Galaxy A8: Samsung’s getting really good at making mid-rangers

Yep, the camera

Samsung’s Galaxy A8 has a great camera…on paper. The rear camera is a 16MP shooter with a super fast f/1.7 aperture lens and phase detection auto-focusing. In front, this guy’s got a dual camera setup with a fixed focus f/1.9 aperture 16MP main selfie shooter and a secondary 8MP f/1.9 aperture slightly wider secondary selfie camera.

Sounds good, right? Yeah, well sort of. But, the resulting images leave a lot to be desired.

If you’re taking pictures in the most perfect of days, you can get some nice photos. But, if you really look at it you’ll notice the exposure is a little off, the highlights are clipped, dynamic range isn’t super great, and if you zoom in, the details look a little unnatural.

Still, if you’re uploading to Instagram, this photo is good enough so I won’t give it such a hard time here.

Take things to a scenario that’s less than well-lit, though, and you’re left with a big pile of disappointment. You can tell that the phone really had to crank down the shutter speed to compensate for the lack of light in this photo because motion isn’t frozen properly — and this isn’t even some super dark scene.

Perhaps the worst thing about this camera in less-than-ideal lighting was the fact that focusing was pretty atrocious. Slow and inaccurate would be words I’d use to describe. My colleague took multiple shots of this angle but this was the only one in focus. Also note the bad dynamic range.

I don’t know if it’s the sensor’s problem (pixels too small), but I’m pretty sure the lack of optical image stabilisation (OIS) was a contributing factor too. As far as first impressions go, consider me unimpressed with the caveat that I will take more photos with it and report my findings in the full review.

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Moving on to the front camera, it’s another case of “photos look OK but not amazing”. Maybe it’s designed to make your skin look fair (they’ve also got a bunch of beautification features) but I didn’t really like the way the skin tone was rendered.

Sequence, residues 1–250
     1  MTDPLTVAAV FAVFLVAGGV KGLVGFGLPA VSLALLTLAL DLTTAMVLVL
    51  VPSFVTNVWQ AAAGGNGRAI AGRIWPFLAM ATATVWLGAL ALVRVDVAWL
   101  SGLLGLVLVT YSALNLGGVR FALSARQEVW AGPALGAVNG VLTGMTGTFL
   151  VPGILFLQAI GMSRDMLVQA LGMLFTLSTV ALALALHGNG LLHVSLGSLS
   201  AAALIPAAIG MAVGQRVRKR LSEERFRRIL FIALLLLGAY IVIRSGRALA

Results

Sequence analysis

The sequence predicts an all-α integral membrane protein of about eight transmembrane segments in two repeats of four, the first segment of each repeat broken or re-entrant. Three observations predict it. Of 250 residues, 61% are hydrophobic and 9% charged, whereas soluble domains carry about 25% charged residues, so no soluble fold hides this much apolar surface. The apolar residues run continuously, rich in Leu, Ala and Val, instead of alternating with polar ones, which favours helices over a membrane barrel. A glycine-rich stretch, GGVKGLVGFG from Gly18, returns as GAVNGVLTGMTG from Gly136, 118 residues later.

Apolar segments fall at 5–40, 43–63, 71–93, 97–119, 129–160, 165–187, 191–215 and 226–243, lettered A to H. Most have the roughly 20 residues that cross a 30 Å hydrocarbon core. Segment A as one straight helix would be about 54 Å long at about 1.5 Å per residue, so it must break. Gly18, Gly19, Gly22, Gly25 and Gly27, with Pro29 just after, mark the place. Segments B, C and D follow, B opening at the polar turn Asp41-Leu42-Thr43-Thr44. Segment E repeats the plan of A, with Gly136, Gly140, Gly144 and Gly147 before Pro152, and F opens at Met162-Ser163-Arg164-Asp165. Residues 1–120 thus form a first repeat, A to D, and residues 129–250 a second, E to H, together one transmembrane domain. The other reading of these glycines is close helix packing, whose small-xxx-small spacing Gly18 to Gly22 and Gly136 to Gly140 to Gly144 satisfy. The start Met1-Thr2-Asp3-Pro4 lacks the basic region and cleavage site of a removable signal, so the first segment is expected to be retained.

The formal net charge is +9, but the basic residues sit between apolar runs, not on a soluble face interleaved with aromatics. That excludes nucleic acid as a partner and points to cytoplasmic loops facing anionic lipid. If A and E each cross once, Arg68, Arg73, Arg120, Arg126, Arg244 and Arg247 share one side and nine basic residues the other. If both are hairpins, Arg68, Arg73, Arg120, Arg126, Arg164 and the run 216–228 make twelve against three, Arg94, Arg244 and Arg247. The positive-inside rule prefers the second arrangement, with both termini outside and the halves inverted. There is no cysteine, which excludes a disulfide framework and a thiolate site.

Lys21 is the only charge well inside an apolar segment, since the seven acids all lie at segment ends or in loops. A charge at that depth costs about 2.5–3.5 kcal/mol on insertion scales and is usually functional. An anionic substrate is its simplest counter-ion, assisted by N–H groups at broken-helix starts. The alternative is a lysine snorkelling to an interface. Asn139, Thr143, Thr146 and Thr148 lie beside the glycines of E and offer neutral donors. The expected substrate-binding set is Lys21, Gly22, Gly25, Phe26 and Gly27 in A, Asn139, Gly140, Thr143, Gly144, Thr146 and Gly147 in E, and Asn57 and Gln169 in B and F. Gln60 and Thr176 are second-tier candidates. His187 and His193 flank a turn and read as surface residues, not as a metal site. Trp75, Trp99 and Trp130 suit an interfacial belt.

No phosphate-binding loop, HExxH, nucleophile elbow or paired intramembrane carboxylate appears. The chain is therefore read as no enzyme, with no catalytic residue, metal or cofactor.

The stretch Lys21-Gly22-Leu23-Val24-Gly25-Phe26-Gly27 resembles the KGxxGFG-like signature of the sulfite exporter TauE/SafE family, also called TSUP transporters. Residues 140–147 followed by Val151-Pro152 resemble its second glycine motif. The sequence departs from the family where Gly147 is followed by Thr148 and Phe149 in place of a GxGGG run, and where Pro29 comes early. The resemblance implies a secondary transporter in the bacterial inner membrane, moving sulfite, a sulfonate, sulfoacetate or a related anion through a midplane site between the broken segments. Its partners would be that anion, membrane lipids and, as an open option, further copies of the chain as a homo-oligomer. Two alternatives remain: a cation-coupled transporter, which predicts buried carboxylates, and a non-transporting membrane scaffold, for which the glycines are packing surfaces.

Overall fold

One of the features Samsung highlighted in their blurb was the dual camera. It enables one of two things and the first is perhaps the most pointless one of them all — the secondary camera is ever so slightly wider.



Like, might-as-well-don’t-bother kind of wider.

The second thing it enables though, is Live Focus for selfies. Yep, Live Focus, as in Samsung’s version of portrait mode. As we found out in our camera comparison, Live Focus isn’t super great and the same seems to be true about Live Focus for selfies too.

I mean, you can get a neat little background blur but since selfies are usually closely cropped, there really isn’t much background to blur anyway.

Live focus is pretty bad for group selfies and photobombs though.


I guess this brings us back to the main theme I set earlier in this article: Big brands are getting really good at making mid-range value-for-money smartphones.

If you look at the Galaxy A8 as a whole, I think it gets a lot of things right for a smartphone. It’s phenomenally built, it looks really good despite the slightly fat bezels, and it features stuff that only a big brand like Samsung can bring to the mid-range like IP68 water and dust resistance and awesome ecosystem perks like Samsung Pay and Gear VR. It’s almost like a smaller S8 but without the curves.

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You can even pick a bigger version of the same smartphone — the Galaxy A8+ — that comes with a bigger 6″ display, 6GB of RAM, 64GB of storage and a 3,500 mAh battery.

But there are also big uncertainties with the A8 too. I can’t, for example, tell you how well performance will hold up when I get all my apps in and use it for an extended period of time, despite how well it’s performing now. I also can’t conclusively tell you how good the camera is, though first impressions aren’t convincing.

What I can tell you is that when I think of all high mid-range handsets — besides the few notable exceptions — I can’t say that they all far outperform the Galaxy A8 in every respect.

Right now, I think it will all come down to price. If the A8 and A8+ keep it below RM2,000, it could be worth considering. Anything more and you’re probably better off with a discounted 2017 flagship.

Still, I will save final judgement for when I get all the pieces the puzzle lined up in my full review. Until then, take the uncertainties with a grain of salt. Also, let me know what you think of the Galaxy A8 in the comments below!